Former political prisoner delivers report on human rights in Uzbekistan before US Congress
The Tom Lantos Human Rights Commission under the US Congress held a session June 25 entitled “Civil and Political Rights in Uzbekistan and Central Asia: Implications for Post-2014 U.S. Foreign Policy.”
Daniel Rosenblum, Deputy Assistant Secretary for Central Asia, Bureau of South and Central Asian Affairs, Tom Malinowski, Assistant Secretary, Bureau of Democracy, Human Rights, and Labour, both of the Department of State, as well as Jeff Goldstein, Senior Policy Analyst at the Open Society Foundations, and Ms. Allison Gill, an independent expert on Central Asia, spoke before the congressional commission.
Among the speakers was Sanjar Umarov, who was once convicted in Uzbekistan for his political views. Mr Umarov also was a successful businessman, public figure, oppositionist and leader of the Solnechnaya Koalitsiya [The Sunny Coalition] movement, which had been conceived of as a democratic coalition for supporting politico-economic reforms in Uzbekistan.
Mr Umarov was arrested in Tashkent on 22 Oct 2005, and was charged with establishing an organised criminal group, embezzling large amounts, false enterprise, forgery and tax evasion. Mr Umarov maintained his innocence on all counts, but was still sentenced to 14 years of imprisonment in March 2006; his term was reduced to 7 years and 9 months due to an amnesty. He was freed from prison in November 2009 thanks to a significant pressure at the international level, efforts by diplomats and international human rights organisations.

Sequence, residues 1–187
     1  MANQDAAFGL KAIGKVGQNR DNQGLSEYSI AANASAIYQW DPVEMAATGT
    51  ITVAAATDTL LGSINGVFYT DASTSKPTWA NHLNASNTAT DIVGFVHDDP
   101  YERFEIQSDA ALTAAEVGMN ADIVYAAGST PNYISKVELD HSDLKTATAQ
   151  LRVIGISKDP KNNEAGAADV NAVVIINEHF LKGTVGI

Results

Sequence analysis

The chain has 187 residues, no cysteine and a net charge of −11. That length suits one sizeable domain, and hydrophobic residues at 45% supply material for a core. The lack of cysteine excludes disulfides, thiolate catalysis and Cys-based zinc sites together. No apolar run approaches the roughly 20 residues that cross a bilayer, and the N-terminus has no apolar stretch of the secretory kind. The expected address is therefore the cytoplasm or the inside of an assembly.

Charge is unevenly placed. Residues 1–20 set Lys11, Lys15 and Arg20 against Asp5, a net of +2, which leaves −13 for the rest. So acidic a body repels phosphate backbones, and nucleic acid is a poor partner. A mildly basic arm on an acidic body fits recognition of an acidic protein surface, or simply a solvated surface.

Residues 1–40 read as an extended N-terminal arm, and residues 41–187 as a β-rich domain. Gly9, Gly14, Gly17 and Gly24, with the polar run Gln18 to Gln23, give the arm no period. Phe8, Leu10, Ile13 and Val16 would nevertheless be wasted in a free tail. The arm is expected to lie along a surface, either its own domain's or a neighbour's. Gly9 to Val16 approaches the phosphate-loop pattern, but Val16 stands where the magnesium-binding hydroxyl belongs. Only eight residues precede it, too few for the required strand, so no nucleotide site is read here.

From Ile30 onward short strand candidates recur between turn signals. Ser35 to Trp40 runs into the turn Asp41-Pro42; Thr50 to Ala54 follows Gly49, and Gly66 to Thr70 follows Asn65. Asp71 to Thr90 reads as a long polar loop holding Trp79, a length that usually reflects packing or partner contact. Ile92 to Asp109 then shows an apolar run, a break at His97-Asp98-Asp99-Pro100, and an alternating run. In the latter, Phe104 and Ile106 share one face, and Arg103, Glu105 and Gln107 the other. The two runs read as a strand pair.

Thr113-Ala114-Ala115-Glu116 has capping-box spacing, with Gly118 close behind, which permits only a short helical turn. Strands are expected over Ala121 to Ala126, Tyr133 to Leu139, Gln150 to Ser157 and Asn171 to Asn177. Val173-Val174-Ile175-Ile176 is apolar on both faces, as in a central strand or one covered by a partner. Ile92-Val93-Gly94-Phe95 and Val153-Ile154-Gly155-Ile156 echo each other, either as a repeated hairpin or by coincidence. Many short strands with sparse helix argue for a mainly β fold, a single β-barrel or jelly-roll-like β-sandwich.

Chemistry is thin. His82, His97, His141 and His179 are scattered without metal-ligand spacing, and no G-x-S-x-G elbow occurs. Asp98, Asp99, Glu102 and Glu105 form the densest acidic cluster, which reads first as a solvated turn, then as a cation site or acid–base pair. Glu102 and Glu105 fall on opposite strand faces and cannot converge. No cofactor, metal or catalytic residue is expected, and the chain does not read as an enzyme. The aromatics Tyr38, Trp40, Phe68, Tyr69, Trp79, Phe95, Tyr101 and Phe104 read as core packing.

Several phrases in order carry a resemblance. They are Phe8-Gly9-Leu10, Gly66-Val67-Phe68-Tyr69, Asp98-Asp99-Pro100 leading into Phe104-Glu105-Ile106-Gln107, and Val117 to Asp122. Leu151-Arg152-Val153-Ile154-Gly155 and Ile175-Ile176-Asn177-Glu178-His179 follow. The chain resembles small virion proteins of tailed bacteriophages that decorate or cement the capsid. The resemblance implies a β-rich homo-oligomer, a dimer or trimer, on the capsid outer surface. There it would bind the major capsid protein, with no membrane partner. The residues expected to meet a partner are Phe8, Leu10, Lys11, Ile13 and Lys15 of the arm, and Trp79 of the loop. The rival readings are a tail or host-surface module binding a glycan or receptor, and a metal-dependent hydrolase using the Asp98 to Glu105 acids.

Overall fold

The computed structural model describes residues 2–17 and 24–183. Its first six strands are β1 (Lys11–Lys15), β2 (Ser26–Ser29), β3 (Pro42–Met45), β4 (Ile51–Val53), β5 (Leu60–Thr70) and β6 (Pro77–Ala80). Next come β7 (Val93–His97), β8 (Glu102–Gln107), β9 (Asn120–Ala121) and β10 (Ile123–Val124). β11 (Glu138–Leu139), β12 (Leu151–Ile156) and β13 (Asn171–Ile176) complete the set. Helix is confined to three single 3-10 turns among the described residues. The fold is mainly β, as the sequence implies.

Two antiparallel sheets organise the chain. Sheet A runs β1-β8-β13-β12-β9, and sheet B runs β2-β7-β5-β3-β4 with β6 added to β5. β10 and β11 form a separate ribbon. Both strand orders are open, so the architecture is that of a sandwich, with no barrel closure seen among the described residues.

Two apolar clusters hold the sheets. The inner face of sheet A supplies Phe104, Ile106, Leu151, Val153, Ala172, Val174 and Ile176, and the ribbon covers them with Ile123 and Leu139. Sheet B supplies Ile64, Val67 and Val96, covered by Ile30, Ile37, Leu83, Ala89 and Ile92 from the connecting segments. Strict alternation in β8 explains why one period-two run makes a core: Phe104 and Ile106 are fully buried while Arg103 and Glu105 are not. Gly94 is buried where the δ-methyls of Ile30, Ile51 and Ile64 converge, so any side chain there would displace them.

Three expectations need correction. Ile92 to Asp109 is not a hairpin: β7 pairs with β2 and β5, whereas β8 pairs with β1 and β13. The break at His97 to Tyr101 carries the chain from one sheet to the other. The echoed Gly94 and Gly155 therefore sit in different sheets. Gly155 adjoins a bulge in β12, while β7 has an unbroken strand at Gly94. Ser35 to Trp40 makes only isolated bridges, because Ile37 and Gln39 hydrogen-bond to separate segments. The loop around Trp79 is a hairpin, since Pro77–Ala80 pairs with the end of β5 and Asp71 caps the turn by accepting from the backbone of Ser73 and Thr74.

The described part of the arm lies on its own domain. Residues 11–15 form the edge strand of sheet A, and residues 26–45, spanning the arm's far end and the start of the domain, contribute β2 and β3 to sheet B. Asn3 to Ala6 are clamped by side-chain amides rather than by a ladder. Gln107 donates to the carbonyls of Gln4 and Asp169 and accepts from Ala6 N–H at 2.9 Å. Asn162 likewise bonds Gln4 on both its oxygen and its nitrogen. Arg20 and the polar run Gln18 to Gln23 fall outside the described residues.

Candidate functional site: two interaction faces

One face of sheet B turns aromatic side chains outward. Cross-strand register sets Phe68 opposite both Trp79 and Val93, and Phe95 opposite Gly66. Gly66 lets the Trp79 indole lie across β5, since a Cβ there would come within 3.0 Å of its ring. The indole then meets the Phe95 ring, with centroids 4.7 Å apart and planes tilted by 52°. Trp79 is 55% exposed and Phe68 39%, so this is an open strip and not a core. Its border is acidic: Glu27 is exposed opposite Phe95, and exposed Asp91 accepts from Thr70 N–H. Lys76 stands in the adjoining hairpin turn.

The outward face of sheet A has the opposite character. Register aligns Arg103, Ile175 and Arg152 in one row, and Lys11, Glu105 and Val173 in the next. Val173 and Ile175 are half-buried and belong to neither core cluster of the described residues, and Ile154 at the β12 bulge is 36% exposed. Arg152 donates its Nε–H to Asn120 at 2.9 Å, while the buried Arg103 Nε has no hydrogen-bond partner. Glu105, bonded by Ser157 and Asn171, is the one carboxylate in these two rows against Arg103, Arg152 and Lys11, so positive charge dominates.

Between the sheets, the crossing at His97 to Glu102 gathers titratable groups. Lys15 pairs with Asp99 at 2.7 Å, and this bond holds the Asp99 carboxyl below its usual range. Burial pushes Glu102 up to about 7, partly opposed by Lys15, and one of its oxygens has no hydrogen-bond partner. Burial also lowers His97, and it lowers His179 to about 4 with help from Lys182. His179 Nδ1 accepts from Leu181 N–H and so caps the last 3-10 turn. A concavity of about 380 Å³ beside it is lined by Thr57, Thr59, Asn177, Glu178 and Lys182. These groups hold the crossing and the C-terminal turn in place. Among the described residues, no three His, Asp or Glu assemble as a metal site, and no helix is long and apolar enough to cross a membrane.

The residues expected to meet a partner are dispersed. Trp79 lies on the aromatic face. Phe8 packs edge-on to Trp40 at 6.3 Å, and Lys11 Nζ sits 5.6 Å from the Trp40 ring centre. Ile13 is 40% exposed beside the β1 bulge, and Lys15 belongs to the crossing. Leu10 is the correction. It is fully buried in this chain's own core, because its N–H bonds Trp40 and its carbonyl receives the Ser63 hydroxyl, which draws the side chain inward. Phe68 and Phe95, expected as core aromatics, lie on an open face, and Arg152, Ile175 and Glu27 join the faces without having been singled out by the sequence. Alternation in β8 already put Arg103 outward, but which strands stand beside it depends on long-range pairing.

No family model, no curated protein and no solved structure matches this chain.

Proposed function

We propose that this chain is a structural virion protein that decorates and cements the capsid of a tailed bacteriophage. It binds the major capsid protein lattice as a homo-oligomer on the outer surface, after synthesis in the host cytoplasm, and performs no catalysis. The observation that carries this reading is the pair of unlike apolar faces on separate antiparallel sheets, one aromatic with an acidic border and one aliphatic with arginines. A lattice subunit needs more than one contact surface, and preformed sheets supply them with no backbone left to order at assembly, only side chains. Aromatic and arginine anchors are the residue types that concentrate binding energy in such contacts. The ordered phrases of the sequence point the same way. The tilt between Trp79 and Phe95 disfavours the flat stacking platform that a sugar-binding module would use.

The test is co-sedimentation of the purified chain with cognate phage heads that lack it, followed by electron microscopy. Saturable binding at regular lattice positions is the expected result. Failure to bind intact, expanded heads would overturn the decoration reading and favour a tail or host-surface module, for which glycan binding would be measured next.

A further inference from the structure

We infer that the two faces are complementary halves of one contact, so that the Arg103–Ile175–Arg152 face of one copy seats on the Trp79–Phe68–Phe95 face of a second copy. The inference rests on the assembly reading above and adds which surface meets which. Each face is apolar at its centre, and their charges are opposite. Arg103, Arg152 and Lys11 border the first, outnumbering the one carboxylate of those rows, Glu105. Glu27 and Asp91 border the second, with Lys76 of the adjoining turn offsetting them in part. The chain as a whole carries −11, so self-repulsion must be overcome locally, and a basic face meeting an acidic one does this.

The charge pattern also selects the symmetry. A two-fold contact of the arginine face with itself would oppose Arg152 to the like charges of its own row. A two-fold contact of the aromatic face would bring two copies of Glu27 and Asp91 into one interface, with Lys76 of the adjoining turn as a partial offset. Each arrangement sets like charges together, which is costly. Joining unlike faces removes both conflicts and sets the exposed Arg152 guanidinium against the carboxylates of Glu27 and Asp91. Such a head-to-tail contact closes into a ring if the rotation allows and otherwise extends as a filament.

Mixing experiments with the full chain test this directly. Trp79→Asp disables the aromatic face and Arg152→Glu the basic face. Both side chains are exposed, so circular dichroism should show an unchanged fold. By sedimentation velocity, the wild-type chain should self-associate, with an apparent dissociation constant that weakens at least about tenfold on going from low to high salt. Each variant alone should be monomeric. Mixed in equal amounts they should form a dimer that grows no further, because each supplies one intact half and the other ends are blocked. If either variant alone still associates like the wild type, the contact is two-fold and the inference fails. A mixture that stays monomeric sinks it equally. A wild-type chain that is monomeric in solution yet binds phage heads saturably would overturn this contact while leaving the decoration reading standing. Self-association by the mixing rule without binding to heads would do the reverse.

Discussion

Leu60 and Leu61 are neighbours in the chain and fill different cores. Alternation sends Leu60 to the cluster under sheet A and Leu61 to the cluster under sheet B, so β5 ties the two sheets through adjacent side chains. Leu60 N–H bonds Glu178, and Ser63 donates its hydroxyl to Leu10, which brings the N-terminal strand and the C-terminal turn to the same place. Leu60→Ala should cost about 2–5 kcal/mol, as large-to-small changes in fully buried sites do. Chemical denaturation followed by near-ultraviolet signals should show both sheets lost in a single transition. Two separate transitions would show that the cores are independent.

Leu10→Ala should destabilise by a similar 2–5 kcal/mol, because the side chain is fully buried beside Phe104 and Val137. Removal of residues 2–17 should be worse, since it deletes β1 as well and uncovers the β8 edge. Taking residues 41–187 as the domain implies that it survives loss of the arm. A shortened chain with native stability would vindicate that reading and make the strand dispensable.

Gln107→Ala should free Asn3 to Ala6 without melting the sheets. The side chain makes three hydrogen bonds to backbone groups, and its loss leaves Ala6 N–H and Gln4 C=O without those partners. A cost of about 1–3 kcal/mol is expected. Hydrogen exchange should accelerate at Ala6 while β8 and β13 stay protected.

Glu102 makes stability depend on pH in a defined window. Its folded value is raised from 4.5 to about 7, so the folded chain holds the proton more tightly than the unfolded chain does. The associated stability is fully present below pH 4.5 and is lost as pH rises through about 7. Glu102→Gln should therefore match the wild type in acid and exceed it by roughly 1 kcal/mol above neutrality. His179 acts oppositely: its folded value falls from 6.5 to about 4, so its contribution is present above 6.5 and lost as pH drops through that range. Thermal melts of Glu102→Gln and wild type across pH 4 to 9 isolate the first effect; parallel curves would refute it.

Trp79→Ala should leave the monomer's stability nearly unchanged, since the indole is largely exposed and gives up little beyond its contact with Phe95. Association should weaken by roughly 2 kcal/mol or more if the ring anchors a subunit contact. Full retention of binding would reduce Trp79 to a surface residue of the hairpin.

Sanjar Umarov speaking before the commission
Mr Chairman, members of the Commission,
Thank you for inviting me to testify at this hearing. Your Commission is named after a special man, the late Representative Tom Lantos. The only Holocaust survivor who became a Member of Congress, he was renowned throughout the world for his fierce dedication to human rights, and is fondly remembered to this day. Speaking at this event is a great honor for me.
The focus of today's hearing is U.S. policy in Central Asia, as Washington completes its drawdown of forces from Afghanistan. Let me begin by expressing certain sympathy for Assistant Secretary Malinowski and Deputy Assistant Secretary Rosenblum. They have a difficult job, especially when it comes to promoting human rights.
But U.S. policy has always featured an interlocking combination of goals, even well before September 11, 2001, and the military campaign in Afghanistan. Throughout, Washington has had four basic aims: to support the independence and sovereignty of the states in the region; to cooperate with them in security matters; to develop and marketise Central Asia's vast energy resources and diversify their delivery routes to the outside world; and, to promote democratisation and human rights.